For its part, the MMDA, represented by the Office of the Solicitor General, pointed out that the powers granted to it by Sec. 5(f) of Rep. Act No. 7924 are limited to the fixing, collection and imposition of fines and penalties for traffic violations, which powers are legislative and executive in nature; the judiciary retains the right to determine the validity of the penalty imposed.  It further argued that the doctrine of separation of powers does not preclude “admixture” of the three powers of government in administrative agencies.[4]

The MMDA also refuted Garin’s allegation that the Metro Manila Council, the governing board and policy making body of the petitioner, has as yet to formulate the implementing rules for Sec. 5(f) of Rep. Act No. 7924 and directed the court’s attention to MMDA Memorandum Circular No. TT-95-001 dated 15 April 1995.  Respondent Garin, however, questioned the validity of MMDA Memorandum Circular No. TT-95-001, as he claims that it was passed by the Metro Manila Council in the absence of a quorum.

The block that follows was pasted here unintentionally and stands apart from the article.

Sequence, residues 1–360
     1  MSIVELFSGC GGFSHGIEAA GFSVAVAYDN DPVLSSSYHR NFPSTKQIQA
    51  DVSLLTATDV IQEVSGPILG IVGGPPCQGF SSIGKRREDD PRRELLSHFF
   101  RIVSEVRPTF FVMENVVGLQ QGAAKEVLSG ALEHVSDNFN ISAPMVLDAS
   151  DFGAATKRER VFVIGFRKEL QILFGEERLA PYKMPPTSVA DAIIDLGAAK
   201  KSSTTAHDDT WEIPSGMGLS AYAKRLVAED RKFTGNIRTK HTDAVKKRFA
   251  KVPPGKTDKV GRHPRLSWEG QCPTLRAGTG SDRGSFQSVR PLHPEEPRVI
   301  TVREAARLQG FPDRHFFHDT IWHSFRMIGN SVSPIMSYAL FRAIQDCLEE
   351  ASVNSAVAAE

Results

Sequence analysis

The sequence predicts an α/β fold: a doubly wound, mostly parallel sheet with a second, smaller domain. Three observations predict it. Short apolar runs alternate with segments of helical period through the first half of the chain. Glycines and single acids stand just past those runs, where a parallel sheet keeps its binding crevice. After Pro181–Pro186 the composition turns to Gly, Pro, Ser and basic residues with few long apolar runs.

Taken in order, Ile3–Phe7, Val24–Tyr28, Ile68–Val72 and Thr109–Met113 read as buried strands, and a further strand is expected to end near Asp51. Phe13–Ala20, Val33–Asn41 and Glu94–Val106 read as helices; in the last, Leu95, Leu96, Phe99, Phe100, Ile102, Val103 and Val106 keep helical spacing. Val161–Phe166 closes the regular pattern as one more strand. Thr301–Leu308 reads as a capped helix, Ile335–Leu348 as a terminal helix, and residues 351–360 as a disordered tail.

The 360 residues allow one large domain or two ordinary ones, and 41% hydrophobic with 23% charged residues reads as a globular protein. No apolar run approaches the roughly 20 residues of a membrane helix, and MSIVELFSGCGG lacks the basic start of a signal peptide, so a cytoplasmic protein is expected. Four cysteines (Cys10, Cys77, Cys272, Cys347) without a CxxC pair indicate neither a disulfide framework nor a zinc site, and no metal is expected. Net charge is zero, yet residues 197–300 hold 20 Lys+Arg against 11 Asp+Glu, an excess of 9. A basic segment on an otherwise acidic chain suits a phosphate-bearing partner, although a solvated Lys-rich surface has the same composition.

Judge Helen Bautista-Ricafort issued a temporary restraining order on 26 September 1995, extending the validity of the TVR as a temporary driver’s license for twenty more days.  A preliminary mandatory injunction was granted on 23 October 1995, and the MMDA was directed to return the respondent’s driver’s license.

On 14 August 1997, the trial court rendered the assailed decision[5] in favor of the herein respondent and held that:
  1. There was indeed no quorum in that First Regular Meeting of the MMDA Council held on March 23, 1995, hence MMDA Memorandum Circular No. TT-95-001, authorizing confiscation of driver’s licenses upon issuance of a TVR, is void ab initio.

  2. The summary confiscation of a driver’s license without first giving the driver an opportunity to be heard; depriving him of a property right (driver’s license) without DUE PROCESS; not filling (sic) in Court the complaint of supposed traffic infraction, cannot be justified by any legislation (and is) hence unconstitutional.

    WHEREFORE, the temporary writ of preliminary injunction is hereby made permanent; th(e) MMDA is directed to return to plaintiff his driver’s license; th(e) MMDA is likewise ordered to desist from confiscating driver’s license without first giving the driver the opportunity to be heard in an appropriate proceeding.